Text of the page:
Haiku Revisited

Michael Dylan Welch, who wrote on haiku for the 2005 Poet’s Market, stopped by and offered some great advice in the comments to my “Haiku: Easy or Hard?” post from earlier this week. While it’s probably best to read the comments first-hand, I figured I’d make it easy on people since the advice is very useful.

Some highlights:

  • “My sense of things is that practically no current literary haiku writers believe the 5-7-5 pattern of syllables is applicable in English (in Japanese they count sounds, not syllables, which is why a one-syllable word like ‘scarf,’ in English, is counted as FOUR sounds when said in Japan, something like ‘su-ka-ar-fu’), so I’m not sure I’d call 5-7-5 a ‘traditional’ viewpoint in English. More like a traditional misunderstanding.”
  • “Rather, what matters most in the tradition of haiku is kigo (season word) and kireji (cutting word), as well as objective sensory imagery (thus one wouldn’t say that rain ‘stampedes’ the mud, because, as interesting as that is, it shows your interpretation and lacks the objectivity that lets readers have their own reaction to a carefully crafted image).”
  • “At any rate, I always like to quote philosopher Roland Barthes on haiku. He said that ‘The haiku has this rather fantasmagorical property: that we always suppose we ourselves can write such things easily.’ Paradoxically, haiku is both easy and hard.”

Welch also provided to links to check out:

  1. His essay “Becoming a Haiku Poet” at http://www.haikuworld.org/begin/mdwelch.apr2003.html
  2. Keiko Imaoka’s essay “Forms in English Haiku” at http://asgp.org/agd-poems/keiko-essay.html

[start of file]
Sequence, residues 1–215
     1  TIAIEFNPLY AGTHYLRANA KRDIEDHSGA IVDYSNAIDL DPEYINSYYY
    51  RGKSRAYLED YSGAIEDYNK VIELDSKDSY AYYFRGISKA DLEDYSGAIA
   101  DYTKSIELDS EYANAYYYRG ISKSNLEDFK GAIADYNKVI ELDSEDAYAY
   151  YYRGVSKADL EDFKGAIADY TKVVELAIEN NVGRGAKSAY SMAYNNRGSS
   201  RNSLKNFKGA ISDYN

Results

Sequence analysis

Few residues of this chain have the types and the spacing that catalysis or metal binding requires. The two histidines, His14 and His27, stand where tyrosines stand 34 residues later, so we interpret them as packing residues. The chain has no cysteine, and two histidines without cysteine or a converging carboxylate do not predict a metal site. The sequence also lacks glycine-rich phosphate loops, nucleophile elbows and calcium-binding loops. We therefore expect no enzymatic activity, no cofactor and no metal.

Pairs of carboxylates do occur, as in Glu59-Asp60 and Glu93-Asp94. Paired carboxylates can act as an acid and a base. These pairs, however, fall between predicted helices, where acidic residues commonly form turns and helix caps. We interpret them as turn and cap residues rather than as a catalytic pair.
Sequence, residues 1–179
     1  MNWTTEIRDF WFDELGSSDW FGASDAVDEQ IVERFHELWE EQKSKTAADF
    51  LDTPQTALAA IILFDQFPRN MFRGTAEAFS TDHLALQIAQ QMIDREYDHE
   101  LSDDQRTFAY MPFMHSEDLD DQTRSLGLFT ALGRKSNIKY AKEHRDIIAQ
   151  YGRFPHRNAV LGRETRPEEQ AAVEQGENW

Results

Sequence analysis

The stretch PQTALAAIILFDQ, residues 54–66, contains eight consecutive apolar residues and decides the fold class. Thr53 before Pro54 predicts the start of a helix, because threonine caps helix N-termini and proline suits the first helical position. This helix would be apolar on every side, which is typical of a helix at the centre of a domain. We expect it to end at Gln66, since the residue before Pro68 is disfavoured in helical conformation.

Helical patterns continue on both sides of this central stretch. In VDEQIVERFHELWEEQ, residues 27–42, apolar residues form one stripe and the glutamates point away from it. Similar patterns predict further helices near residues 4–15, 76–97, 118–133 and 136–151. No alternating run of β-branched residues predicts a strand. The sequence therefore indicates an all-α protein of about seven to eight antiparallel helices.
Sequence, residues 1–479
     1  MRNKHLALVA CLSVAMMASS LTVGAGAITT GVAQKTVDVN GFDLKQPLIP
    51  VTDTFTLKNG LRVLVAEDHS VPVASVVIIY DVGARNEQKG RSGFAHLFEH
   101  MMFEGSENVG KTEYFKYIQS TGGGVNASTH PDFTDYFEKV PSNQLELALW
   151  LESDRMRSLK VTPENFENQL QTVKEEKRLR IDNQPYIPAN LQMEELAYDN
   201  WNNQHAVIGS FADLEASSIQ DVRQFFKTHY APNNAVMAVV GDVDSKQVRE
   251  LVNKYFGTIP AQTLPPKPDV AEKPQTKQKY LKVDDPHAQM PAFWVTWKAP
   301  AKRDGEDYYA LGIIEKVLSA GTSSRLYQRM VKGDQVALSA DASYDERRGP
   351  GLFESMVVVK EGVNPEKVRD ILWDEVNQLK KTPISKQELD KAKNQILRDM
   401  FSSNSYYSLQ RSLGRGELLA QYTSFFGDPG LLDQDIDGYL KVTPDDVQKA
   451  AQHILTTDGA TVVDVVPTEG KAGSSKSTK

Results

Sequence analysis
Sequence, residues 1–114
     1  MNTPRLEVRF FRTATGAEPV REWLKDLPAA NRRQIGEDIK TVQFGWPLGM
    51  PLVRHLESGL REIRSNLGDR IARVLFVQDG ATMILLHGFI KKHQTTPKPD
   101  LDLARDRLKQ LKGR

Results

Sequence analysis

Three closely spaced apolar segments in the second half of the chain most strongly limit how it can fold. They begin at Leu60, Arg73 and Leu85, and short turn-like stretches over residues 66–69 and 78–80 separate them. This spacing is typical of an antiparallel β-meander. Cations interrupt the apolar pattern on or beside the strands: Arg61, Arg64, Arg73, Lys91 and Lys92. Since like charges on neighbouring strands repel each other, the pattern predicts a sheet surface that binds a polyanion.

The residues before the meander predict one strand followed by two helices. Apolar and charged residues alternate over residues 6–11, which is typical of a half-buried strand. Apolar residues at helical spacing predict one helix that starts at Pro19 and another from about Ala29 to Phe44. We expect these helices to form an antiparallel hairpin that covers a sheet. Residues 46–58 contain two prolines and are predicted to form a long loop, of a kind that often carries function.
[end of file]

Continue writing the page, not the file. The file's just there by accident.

I would like to thank Welch, who is an expert in his field, for sharing so much great information with everyone. This is what having a community of poets is all about as far as I’m concerned.

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2 thoughts on “Haiku Revisited

  1. Franci

    For almost every poem I have written, I have chosen a title, so, even the little ones are not haiku. I have a recent collection which I called "Haiku from Buenos Aires", but then figured I must have broken other rules too, so I changed the title to "Scenes from Buenos Aires". Safe?

    What I learned today? No metaphors or similes. (Try to) remember: kigo & kireji & fantasmagorical. (My dictionary spells that "phantasmagorical" BTW.)

    Could the line length thing be a natural tendency? Which reminds me of one of my favourite (old!) limericks:

    THERE WAS A YOUNG MAN FROM JAPAN
    WHOSE POETRY NEVER WOULD SCAN –
    HIS FRIENDS WOULD SAY, OH DEAR!
    YOU CAN’T PUT THAT IN HERE!
    and he would say well I always try to put as many words as I can in the last line . . .

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